Black and white available light photographer capturing the joy of living on the street, in diners, Paris and at weddings on home-rolled Tri-X film using a Leica M6TTL.
My interest in photography was sparked by Alfred Eisenstaedt’s black and white images in The Eye of Eisenstaedt. Not long after reading that book, my aunts Margaret, Julia and Evelyn gave me a Kodak Instamatic camera for Christmas that I used during family trips and to photograph Robert Kennedy when he came through my home town while campaigning for the Democratic presidential nomination.
Later, as a high school sophomore, my 35mm camera came along when I joined seniors at Lew Wallace High School who walked out to protest a teachers’ strike that would have cut short their school year and prevented them from graduating. The Glen Park Herald, a weekly newspaper in Northwest Indiana, bought my pictures, launching a 40-year career capturing people and events on film. Through associations with fellow news photographers, I began shooting weddings.
After years of shooting Kodachrome during trips to Europe and Asia, and at sporting events including the World Series, on a lark I took a roll of Tri-X on a trip to Wisconsin in February 2005 to photograph Great Grey Owls. The black and white images from that trip rekindled my love of black and white photography, leading me to work exclusively with black and white film.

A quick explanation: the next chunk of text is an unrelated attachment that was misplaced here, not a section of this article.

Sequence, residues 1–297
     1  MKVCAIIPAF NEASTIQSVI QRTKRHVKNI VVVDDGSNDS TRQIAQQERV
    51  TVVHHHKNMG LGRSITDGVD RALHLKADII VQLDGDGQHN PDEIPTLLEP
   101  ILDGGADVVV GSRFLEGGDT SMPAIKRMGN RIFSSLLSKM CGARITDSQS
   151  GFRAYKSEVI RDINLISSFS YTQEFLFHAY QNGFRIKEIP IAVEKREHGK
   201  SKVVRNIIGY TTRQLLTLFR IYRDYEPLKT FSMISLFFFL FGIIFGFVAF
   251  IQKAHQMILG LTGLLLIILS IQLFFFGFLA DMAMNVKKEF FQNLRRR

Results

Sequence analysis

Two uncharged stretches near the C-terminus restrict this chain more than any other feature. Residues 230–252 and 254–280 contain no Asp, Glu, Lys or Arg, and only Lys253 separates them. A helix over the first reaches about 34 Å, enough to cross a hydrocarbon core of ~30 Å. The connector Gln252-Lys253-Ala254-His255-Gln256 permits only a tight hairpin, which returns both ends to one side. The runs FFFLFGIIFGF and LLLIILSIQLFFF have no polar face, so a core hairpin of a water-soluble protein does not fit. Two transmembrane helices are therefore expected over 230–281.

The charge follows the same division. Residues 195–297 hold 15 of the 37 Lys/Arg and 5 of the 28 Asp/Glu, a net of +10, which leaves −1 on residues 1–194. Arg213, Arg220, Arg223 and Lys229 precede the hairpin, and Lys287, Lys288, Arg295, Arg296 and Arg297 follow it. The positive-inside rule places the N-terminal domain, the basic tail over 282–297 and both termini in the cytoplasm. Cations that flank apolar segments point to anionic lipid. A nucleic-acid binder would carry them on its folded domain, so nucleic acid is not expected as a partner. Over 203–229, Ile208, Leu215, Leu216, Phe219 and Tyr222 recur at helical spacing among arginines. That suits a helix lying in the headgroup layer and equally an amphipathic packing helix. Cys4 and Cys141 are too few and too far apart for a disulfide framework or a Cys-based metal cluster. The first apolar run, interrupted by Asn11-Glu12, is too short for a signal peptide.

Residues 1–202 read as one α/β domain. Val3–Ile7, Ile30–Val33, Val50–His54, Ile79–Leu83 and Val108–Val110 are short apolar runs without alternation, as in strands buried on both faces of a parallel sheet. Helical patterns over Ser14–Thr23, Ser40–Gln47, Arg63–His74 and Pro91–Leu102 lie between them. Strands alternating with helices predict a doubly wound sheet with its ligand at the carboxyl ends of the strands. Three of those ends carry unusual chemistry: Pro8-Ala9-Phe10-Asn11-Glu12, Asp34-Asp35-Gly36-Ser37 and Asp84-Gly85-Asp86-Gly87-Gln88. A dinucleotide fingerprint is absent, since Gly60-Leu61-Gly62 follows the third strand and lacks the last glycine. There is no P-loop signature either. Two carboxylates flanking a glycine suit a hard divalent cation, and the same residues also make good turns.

A bout with back and neck pain after an injury while serving as a Navy officer had already prompted me to downsize from countless lenses on several SLR’s to just two Leica M6 rangefinders and three lenses. Almost all of my pictures, however, are made with a 35mm lens. Using one lens and one film has not only simplified my photographic life, but allows me to quickly and unobtrusively capture magic moments on the street, in diners and cafes.
Additional inspiration has come from Robert Frank, David Hume Kennerly, Fred Maroon, Elliott Erwitt, and Kent Reno.
Current projects include capturing the art of living – all the while keeping an eye out for the humor that is there if you take the time to find it (or recognize it when you run across it), documenting the many covered bridges that grace Northeast Ohio, and putting together a book documenting the life of Lucky, the Jack Russell Terrier who never tires of patiently waiting while his dad “just finishes this roll.”